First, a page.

Every year during pilot season, the networks place orders for 50–100 new projects that, if picked up, can offer job security in an industry where long-term gigs are in relatively short supply. So casting directors, like actors, put a lot of time and work into preparation. Just as actors go in to audition for roles in front of the casting team, casting directors must interview with the producer, director, and writer of a pilot to land the job.
Sharon Bialy, who, with her partner, Sherry Thomas, casts the AMC series “Breaking Bad” and “The Walking Dead” as well as CBS drama “Vegas,” is casting two pilots this season: “Under the Dome” for CBS and “Halt & Catch Fire” for AMC. She sees many parallels between actors and casting directors when it comes to pilot season. “Sherry Thomas and I do an enormous amount of preparation,” says Bialy, author of the recently published e-book “How to Audition on Camera.” “We read the script multiple times before we go in; we write lists of actors that show our aesthetic and creativity; we research the writers’ and producers’ previous work. For the pilot ‘Under the Dome’ that we’re doing right now, I actually drew out a family tree of how [the characters are] all connected and brought that in to our interview.”
Also, when it comes to hiring casting directors for pilots, the process can move very quickly. CDs might get the script only a day or two before their interview, so they have precious little time to familiarize themselves with the material. For an actor, the feeling is a familiar one.
“Under the Dome” has already been given a full series order, but casting a pilot doesn’t guarantee you’ll cast the series. “It’s the same as with an actor,” Bialy says. “The studios actually have an option on your services to cast the series. So what you hope is that if you do a good job, and the series gets picked up, they will pick you up. But that doesn’t always happen.”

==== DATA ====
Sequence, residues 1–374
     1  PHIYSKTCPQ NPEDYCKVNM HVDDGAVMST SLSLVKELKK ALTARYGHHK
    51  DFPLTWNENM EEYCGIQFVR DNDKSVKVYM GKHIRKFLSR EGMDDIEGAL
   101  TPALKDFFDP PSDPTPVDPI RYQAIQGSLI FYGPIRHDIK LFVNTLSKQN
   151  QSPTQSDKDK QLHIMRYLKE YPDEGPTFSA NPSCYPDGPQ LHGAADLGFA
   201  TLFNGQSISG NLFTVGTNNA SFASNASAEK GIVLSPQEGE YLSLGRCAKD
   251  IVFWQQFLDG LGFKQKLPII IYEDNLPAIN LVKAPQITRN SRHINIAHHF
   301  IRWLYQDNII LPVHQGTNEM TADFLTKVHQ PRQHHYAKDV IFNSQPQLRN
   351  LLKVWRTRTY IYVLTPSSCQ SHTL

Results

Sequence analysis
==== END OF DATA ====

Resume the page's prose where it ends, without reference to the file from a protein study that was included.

In yet another parallel between the experiences of actors and casting directors during pilot season, a trend has emerged this year that has seen the networks and studios move early—before an official green light—to secure the services of established casting offices for high-profile pilots. So whereas CBS has contracted Anna Faris to star in its comedy pilot “Mom” and locked Brandon T. Jackson into the lead for the “Beverly Hills Cop” reboot, it also attached Bialy/Thomas to “Under the Dome” more than a month before the traditional crush of mid-January.
It works both ways. Just as more established actors have earned the privilege of choosing a project during pilot season out of the multiple offers they receive, so too with CDs who have a proven track record of success in series casting. “I don’t take any pilot that comes our way,” says Bialy. “I work hard to pick my material carefully, because I’m in a very fortunate place where I can do that, and I believe it all starts with a great script.”